Client blog: Homeless at Christmas

Client blog: Homeless at Christmas

This blog post comes directly from a Merchants Quay Ireland Homeless Services client who asked to remain anonymous. 

Christmas is supposed to be spent with family. When I think of Christmas, I think of a lot of joy, a lot of love, and just kind of being there, having happy times and feeling that warmth. Homelessness is the opposite of that. Christmas, when you’re homeless, is depressing. It hurts.

This will be my first Christmas being homeless. I’m dreading it, and it’s not just Christmas. There’s something awful about spending New Year’s Eve alone.  I was hoping to reconnect with my family, but I’m not sure that’s going to happen.

This Christmas, I’ll have to call up the freephone to get allocated a bed. I might not get a hostel where I know anyone, but hopefully I will. Hopefully, I can get over the sadness of spending Christmas in hostels, because it’s not all bad. You have the staff at Merchants Quay. I haven’t a bad word to say about them. And you have the people who come to Merchants Quay here, I haven’t a bad word to say about them either. They’re all genuine people. Since I’ve become homeless they’ve helped me a lot, they’ve looked out for me. So maybe I’ll be sharing Christmas with them, people in the same situation. You need to make the most of it if you’re going to get through the situation that you’re in.

Even if I’m spending Christmas and New Year’s in a hostel, there’s other people out there who have it worse, sleeping on the streets, in the snow. They’re going to wake up shaking and drenched from head to toe. Someone once told me that he was on sleeping on the streets. When he bedded down, it was all clear – the skies were clear, it was cold but dry. He woke up in the morning in two feet of snow. Could you imagine that? He couldn’t feel his fingers or legs. Couldn’t feel anything.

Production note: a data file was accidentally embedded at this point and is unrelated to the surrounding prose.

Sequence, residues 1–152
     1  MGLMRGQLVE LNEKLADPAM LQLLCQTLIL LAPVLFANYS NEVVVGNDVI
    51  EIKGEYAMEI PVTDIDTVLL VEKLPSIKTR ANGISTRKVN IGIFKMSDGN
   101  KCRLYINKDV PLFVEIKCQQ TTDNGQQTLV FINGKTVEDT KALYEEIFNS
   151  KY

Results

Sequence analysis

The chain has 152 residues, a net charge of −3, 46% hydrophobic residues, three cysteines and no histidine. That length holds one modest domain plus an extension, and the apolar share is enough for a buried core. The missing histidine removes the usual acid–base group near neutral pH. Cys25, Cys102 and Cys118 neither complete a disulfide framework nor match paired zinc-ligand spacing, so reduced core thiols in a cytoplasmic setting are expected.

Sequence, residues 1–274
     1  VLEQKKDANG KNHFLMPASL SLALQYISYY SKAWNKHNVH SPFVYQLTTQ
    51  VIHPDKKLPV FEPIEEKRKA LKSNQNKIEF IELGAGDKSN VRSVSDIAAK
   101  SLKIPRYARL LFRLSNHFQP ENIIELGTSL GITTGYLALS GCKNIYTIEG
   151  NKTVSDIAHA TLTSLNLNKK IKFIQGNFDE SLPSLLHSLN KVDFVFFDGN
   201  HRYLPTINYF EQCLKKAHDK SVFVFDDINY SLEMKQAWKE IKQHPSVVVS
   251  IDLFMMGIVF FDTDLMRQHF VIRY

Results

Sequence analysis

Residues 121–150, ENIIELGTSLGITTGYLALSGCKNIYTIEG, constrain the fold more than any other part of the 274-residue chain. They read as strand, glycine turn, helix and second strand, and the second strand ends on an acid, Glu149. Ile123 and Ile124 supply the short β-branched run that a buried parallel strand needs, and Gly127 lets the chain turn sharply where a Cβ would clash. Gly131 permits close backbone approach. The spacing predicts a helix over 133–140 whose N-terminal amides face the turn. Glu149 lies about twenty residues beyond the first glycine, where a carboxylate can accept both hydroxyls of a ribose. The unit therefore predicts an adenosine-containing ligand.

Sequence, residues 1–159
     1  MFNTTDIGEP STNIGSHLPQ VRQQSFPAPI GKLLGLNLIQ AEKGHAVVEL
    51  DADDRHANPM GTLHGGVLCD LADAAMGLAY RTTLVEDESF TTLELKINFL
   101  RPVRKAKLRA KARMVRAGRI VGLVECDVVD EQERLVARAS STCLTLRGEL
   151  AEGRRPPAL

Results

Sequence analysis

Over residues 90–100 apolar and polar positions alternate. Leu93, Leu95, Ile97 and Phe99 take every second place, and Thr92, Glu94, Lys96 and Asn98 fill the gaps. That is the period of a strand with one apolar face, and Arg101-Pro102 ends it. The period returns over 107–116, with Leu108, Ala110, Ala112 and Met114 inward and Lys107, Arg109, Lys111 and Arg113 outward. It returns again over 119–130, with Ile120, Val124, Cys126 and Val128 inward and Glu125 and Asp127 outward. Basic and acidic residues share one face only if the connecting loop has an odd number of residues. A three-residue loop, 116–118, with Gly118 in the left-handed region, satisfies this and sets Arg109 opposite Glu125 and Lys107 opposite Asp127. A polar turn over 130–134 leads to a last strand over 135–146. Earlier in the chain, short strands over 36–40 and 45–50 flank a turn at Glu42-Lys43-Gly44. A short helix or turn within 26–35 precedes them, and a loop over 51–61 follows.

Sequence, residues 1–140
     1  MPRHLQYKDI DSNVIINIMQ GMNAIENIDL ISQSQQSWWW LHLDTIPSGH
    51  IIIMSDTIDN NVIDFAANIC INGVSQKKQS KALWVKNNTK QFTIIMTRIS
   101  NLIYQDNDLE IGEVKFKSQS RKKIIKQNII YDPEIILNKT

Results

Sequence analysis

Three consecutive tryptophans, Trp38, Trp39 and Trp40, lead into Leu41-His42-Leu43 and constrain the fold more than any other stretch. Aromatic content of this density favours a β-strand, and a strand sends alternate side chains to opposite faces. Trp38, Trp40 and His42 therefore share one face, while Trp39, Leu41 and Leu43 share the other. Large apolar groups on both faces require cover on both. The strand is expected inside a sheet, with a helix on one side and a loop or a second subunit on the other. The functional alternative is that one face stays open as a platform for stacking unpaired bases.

Over winter, most days I’m just walking around town. Going into places, trying to catch warmth. It’s difficult. You’d think they’d open the hostels for 24 hours, just to help you catch some warmth. I’d go to McDonald’s or Dr Quirky’s. Sometimes I’d go to shops, just stand in the doorway because you’d have warmth behind you, so you’d only feel half cold. Mostly McDonald’s or Burger King. Just sit in there, catch warmth.

If I could give one message to the public, it’s just to ask for kindness. People who are homeless are people just like you. They came into this world the same as you did. If you see someone on the streets, say hello, get them a cup of tea or a cup of hot chocolate because what if you were in their shoes? That cup of tea might help keep them warm.


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